Rory Sutherland explores how a three-word slogan transformed a mundane sports good into an entire lifestyle philosophy, and generated a marketer's most sought-after quality: cool.
Rory Sutherland explores how a three-word slogan transformed a mundane sports good into an entire lifestyle philosophy, and generated a marketer's most precious quality: cool.
In 1987, Nike's fortunes were on the slide. Overtaken by rival sports companies in market share, profits nosediving - the brand even found themselves being sued by The Beatles. Yet by the end of the decade, three little words had utterly altered their fortunes: a slogan that ditched the hi-tech athletic geekery of their previous campaigns and sold a feeling, a lifestyle, a philosophy. Just Do It.
How does a product move beyond mere utility and come to embody a zeitgeist? And should "cool" brands aim to cultivate an air - and a consumer base - of loyal specialists - or make that "cool" available to a mass market? Nike insiders Scott Bedbury and Liz Dolan tell the turbulent story of the early Just Do It campaign - featuring divorces, serial killers, and a badly-translated Maasai warrior - whilst Rory speaks to marketing guru Byron Sharp and evolutionary psychologist Nichola Raihani about our desire to, as Apple once put, "Think Different".
Producer: Steven Rajam
Why do certain marketing campaigns - from Nike's "Just Do It" to the MND Ice Bucket Challenge - cast such a spell over us? Rory Sutherland explores the story - and the psychology - behind ten of the most influential campaigns in history - with first-hand accounts from the creative minds that conceived them, and contributions from the worlds of evolutionary biology, behavioural psychology, socio-economics and anthropology.
Marketing. It's come to be one of the most misunderstood - and maligned - disciplines of our age: perceived variously as the Emperor's New Clothes, an emblem of the ills of capitalism, a shadowy dark art designed to steal away our hard-earned money and make us do (or buy, or vote for) things we don't want.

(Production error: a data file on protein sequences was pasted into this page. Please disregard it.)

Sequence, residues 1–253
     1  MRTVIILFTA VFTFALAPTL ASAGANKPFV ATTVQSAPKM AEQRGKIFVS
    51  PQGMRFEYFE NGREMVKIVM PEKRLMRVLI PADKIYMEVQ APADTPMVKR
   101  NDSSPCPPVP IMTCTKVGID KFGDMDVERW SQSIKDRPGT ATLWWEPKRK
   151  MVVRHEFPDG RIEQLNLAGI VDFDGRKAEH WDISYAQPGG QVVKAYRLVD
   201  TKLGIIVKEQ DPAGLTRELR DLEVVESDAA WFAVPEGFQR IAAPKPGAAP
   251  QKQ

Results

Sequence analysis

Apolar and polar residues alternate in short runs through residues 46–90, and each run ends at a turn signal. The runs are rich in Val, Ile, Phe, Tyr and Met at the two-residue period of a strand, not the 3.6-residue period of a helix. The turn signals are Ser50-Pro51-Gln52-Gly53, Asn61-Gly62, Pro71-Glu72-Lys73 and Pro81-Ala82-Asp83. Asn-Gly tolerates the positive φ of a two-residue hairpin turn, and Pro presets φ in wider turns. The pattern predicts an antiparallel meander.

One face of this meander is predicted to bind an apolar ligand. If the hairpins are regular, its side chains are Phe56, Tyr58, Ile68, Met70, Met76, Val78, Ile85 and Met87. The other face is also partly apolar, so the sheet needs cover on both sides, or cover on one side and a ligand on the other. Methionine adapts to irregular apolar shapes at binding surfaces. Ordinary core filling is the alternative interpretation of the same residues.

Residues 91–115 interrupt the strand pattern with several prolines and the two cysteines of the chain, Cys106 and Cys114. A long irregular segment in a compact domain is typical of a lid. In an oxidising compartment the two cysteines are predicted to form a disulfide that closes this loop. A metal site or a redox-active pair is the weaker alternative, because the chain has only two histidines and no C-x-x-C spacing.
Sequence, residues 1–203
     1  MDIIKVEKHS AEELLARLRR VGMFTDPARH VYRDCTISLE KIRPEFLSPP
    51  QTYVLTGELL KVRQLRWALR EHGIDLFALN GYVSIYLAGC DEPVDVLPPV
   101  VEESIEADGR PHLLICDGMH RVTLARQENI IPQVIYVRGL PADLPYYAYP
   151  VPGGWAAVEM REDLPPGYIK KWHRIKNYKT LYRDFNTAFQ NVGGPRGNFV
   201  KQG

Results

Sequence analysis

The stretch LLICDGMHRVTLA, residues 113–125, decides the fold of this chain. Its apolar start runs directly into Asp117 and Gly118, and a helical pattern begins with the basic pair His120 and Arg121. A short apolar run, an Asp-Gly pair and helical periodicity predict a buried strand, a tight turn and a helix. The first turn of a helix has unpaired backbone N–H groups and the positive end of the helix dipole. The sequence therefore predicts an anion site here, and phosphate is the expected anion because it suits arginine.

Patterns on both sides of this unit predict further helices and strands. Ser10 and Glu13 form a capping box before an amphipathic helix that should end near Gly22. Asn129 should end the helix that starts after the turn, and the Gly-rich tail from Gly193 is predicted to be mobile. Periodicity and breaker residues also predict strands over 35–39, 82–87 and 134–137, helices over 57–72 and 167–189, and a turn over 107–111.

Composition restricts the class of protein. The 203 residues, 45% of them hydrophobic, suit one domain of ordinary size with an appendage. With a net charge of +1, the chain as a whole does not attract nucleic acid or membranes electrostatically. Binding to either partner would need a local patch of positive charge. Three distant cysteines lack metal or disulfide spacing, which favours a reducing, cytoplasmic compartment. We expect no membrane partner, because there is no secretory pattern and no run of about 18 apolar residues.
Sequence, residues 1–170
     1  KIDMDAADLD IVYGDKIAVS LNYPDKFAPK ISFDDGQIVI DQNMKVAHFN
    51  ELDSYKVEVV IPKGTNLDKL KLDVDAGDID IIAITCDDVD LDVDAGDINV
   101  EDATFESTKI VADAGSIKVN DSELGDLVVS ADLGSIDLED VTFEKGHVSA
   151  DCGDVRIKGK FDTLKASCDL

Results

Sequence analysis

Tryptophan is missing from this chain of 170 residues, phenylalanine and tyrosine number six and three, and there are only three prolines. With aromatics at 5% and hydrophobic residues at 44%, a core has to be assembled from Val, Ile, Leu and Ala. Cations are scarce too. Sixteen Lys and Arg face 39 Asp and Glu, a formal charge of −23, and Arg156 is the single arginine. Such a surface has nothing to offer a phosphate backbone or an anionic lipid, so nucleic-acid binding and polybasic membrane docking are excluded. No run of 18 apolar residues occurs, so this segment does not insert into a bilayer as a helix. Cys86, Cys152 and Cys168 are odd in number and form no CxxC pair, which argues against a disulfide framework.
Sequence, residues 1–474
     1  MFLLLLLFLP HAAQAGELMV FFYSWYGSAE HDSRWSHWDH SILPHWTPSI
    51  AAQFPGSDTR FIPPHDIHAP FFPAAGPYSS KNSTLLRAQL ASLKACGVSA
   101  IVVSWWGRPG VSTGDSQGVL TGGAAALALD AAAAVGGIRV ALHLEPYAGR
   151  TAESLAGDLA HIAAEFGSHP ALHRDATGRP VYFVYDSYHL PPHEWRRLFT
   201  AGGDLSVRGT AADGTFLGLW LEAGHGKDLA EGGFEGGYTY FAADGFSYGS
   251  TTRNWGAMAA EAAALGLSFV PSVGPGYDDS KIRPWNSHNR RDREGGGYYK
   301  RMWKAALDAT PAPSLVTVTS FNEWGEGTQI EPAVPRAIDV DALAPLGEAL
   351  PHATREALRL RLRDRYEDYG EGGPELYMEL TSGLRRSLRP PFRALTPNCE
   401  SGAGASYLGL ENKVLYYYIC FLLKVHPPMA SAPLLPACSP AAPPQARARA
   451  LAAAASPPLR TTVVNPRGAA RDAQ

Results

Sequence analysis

Yet marketing is undeniably a key part of contemporary culture. It's a science that's fundamentally about human behaviour - marketers, to some extent, understand us better than we know ourselves - and in the most successful campaigns we find our deepest emotions and urges, from altruism to shame, hope to bravado, systematically tapped into and drawn upon.
But what are these primal behaviours that the best campaigns evoke in us - and how do they harness them? Is marketing purely about commercial gain or can it underpin real common good and societal progress? And does the discipline manipulate our subconscious instincts and emotions - or simply hold a mirror to them?
Over ten episodes, senior advertising creative and Spectator writer Rory Sutherland unravels the story of some of the most powerful, brilliant and influential campaigns of our age. Set alongside personal testimonies from the brilliant minds that created them, we'll hear from a host of experts - from biologists to philosophers, novelists to economists - about how these campaigns got under our skin and proved to be so influential.
Contributors include: writer and former copywriter Fay Weldon; social behaviourist and expert on altruism Nicola Raihani; Alexander Nix, CEO of big data analysts Cambridge Analytica; philosopher Andy Martin; writer on Islamic issues and advisor to the world's first Islamic branding consultancy, Shelina Janmohamed; and evolutionary psychologist Geoffrey Miller.